Dr. Suzanne Watts Henderson felt called to pursue her Ph.D when she realized her behavior wasn't normal. Going up into the attic to store baby clothes, she'd find herself rereading papers she'd written in her master's program at Princeton Theological Seminary.
In her last semester at Princeton, she had participated in a doctoral seminar examining Mark. She loved the challenge of it, and she immersed herself in examining the disciples' incomprehension. Her professor, Dr. Joel Marcus, encouraged her that she had found something new.
After graduation Dr. Henderson raised three children and had three careers. She worked as a private school teacher, a minister, and a corporate writer - but continued to be drawn up those stairs. After nine years of attic visits she applied to pursue a doctoral degree at Duke University.
She didn't set out to write on the Gospel of Mark. Yet perhaps it was meant to be. As she was diving into her dissertation, Dr. Marcus began work at Duke. "That felt very providential," Dr. Henderson said. She began extending the thesis she had originally argued in 1990 - and had kept re-reading in the attic.
Drawn to Messy Mark
Now, her ideas on Mark are out in the world. Her dissertation was later published as a monograph with Cambridge University Press, and Dr. Henderson is widely recognized for her New Testament scholarship. She's working on a commentary making the Gospel of Mark more accessible for pastors and lay people.
"I am drawn to Mark of the four gospels because it is the messiest," she said. "It leaves a lot of gaps in the story and a lot of confusion, and it's not at all concerned with doctrinal matters."
Likely written during a period of upheaval and chaos, the Gospel of Mark also focuses on sacrifice. "It's not just Jesus's sacrifice," she said. "It's a much more participatory understanding of Jesus's suffering in that his followers also have to sacrifice their own interest for the good of others."
She's currently drafting a book, tentatively titled Jesus Christ Incorporated, based on the premise that viewing Jesus as an exclusive messiah is a more recent doctrine, as early Christians had a more participatory or communal view. She has also been asked by Abingdon Press to write a textbook called Jesus and the Gospels: A Study of Messianic Community. It will be used for upper-level undergrad and intro masters level courses.
High standards, high approachability
Today, Dr. Henderson directs the Center for Ethics and Religion and teaches Bible, World Religions and courses in the Core Program in the Liberal Arts.
"My focus at Queens is really on my students. I teach in the Core program, and I love the freshness that incoming first year students bring. I love the challenge of exposing them to the thrill of academic inquiry."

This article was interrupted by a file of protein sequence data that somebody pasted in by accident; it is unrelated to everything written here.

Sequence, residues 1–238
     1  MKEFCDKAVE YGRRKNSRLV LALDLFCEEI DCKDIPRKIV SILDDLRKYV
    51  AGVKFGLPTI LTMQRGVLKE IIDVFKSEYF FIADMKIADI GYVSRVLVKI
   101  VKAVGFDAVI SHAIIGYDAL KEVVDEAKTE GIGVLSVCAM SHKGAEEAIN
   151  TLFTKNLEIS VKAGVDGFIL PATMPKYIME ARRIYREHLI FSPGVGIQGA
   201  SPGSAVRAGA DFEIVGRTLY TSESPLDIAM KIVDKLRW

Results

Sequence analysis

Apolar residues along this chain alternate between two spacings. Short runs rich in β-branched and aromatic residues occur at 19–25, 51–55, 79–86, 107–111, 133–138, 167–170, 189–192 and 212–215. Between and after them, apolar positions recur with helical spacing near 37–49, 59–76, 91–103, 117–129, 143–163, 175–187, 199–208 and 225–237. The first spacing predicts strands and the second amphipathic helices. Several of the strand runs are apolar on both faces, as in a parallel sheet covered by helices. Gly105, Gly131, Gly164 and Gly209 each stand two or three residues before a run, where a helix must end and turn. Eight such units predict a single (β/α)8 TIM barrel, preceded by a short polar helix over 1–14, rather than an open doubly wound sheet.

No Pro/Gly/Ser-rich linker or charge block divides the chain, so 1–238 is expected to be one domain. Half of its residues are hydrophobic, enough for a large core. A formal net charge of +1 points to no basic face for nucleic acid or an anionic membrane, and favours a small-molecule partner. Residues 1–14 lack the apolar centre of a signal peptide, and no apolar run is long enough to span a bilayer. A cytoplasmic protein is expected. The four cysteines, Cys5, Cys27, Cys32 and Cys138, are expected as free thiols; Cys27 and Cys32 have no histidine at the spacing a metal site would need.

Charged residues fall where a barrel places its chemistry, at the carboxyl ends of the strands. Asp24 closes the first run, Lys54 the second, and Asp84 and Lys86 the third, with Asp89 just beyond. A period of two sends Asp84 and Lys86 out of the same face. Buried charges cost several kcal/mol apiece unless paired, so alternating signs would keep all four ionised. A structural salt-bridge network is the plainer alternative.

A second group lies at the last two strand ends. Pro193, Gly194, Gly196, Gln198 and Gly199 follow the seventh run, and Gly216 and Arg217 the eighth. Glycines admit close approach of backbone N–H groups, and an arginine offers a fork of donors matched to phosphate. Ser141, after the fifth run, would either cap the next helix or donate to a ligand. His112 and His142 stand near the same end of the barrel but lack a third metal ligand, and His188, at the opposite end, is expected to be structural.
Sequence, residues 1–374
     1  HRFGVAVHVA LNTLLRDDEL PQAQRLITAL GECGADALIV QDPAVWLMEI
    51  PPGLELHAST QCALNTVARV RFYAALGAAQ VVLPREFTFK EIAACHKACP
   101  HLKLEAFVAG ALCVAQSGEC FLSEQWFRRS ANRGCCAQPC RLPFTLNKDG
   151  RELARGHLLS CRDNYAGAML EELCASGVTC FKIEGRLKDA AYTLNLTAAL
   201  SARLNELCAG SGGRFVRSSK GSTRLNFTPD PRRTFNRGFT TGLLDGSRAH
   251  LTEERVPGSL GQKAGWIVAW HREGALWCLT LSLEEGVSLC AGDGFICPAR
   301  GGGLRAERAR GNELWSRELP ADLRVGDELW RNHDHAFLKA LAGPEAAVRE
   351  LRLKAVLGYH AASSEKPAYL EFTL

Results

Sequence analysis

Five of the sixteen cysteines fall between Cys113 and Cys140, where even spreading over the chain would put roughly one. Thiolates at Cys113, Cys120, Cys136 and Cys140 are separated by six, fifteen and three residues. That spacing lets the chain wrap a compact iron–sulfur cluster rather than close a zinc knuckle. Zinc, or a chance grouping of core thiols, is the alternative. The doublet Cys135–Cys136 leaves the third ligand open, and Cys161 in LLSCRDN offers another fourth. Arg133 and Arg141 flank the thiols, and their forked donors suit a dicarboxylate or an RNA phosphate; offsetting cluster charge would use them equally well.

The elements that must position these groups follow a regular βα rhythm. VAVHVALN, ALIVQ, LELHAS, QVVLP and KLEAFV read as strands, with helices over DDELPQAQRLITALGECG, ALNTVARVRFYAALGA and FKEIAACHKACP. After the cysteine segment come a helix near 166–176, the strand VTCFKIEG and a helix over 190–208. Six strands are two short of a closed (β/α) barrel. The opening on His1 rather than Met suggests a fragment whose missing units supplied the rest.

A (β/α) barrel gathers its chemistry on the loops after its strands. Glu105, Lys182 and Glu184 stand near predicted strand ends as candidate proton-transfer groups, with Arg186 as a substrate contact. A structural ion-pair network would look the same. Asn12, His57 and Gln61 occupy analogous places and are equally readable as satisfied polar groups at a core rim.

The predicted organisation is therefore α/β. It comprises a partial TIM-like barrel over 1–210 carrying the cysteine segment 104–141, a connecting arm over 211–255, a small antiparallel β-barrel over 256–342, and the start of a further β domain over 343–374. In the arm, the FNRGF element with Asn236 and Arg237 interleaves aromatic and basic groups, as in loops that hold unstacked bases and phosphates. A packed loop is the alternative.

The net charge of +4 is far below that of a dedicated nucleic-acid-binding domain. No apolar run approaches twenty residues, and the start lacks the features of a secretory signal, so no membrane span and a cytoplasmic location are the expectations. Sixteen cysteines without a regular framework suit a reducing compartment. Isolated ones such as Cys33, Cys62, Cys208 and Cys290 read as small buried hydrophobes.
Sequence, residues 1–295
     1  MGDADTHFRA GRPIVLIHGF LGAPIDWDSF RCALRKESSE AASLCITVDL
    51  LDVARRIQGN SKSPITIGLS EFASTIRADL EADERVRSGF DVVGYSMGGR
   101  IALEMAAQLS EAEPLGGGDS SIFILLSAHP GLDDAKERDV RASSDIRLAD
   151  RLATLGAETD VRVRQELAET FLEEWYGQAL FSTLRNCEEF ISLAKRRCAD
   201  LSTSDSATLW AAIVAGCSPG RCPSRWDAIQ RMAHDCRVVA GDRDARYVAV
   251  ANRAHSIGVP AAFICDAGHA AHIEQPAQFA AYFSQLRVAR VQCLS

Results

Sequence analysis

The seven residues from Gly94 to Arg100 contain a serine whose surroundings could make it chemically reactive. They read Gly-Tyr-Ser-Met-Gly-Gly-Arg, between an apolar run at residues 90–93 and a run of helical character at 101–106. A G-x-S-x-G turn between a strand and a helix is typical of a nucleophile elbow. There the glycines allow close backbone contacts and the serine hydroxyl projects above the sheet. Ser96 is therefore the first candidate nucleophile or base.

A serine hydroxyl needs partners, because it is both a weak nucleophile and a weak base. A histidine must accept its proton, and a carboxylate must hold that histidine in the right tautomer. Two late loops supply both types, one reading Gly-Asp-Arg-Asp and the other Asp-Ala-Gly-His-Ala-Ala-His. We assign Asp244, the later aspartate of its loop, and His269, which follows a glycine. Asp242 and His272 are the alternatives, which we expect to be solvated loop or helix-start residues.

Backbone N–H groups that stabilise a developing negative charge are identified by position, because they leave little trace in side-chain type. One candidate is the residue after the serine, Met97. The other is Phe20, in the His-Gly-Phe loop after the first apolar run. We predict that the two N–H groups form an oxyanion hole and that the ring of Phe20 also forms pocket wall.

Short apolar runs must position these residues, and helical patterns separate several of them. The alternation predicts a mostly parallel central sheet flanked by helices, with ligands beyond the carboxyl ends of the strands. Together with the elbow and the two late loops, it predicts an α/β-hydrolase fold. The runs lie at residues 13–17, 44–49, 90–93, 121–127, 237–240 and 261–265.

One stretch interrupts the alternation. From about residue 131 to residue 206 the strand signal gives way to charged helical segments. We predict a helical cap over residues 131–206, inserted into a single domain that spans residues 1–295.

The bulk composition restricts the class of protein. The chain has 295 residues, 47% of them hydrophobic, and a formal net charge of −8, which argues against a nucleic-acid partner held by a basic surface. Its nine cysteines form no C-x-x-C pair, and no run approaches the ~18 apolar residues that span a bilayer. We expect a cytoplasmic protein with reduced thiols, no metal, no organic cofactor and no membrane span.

- Dr. Suzanne Watts Henderson
Her service to students and Queens is recognized across campus. "Her students benefit from her scholarly work in biblical studies because she can answer every question, make brilliant connections between texts and subjects, and encourage students to read closely and think broadly," said Dr. Lynn Morton, Dean of the College of Arts and Sciences. Dr. Henderson's academic knowledge doesn't get in the way of her approachability either. "She sets the bar high for her students, but she is always willing to help them reach it."
Senior Christina Cosby '14, a Religious Studies major, says Dr. Henderson's high expectations push students to do their best. "Through her pass/fail daily reading reflections I've learned the importance of putting my best effort forward every time," she said. "This has translated to my other course work, and really, to my performance in everything I do, whether it's an extra-curricular or an internship."
She added, "In class Dr. Henderson is always energetic and excited about the subjects she teaches... Outside of class she's a great person to talk to and cares a lot about individuals and their lives."
In recognition of her outstanding teaching, Dr. Henderson was awarded the university's 2013 Joseph W. Grier, Jr., Distinguished Professor Award. "She understands the need to both challenge and encourage students," said Philosophy and Religion Department Chair Dr. Norris Frederick
. "She definitely displays a pastoral sensitivity her manner of dealing with students, helping them to discover what is best for them."